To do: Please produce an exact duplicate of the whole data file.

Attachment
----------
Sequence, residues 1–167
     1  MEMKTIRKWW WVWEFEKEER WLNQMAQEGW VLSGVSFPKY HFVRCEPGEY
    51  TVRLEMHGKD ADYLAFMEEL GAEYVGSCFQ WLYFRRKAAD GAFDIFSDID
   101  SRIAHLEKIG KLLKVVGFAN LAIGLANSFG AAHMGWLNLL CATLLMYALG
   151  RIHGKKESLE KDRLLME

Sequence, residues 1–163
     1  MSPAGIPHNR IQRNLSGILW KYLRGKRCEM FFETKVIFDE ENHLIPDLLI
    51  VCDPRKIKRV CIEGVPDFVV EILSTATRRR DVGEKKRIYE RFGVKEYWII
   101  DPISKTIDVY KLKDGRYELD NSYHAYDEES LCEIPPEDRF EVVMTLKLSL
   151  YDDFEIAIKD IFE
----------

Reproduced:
Sequence, residues 1–167
     1  MEMKTIRKWW WVWEFEKEER WLNQMAQEGW VLSGVSFPKY HFVRCEPGEY
    51  TVRLEMHGKD ADYLAFMEEL GAEYVGSCFQ WLYFRRKAAD GAFDIFSDID
   101  SRIAHLEKIG KLLKVVGFAN LAIGLANSFG AAHMGWLNLL CATLLMYALG
   151  RIHGKKESLE KDRLLME

Sequence, residues 1–163
     1  MSPAGIPHNR IQRNLSGILW KYLRGKRCEM FFETKVIFDE ENHLIPDLLI
    51  VCDPRKIKRV CIEGVPDFVV EILSTATRRR DVGEKKRIYE RFGVKEYWII
   101  DPISKTIDVY KLKDGRYELD NSYHAYDEES LCEIPPEDRF EVVMTLKLSL
   151  YDDFEIAIKD IFE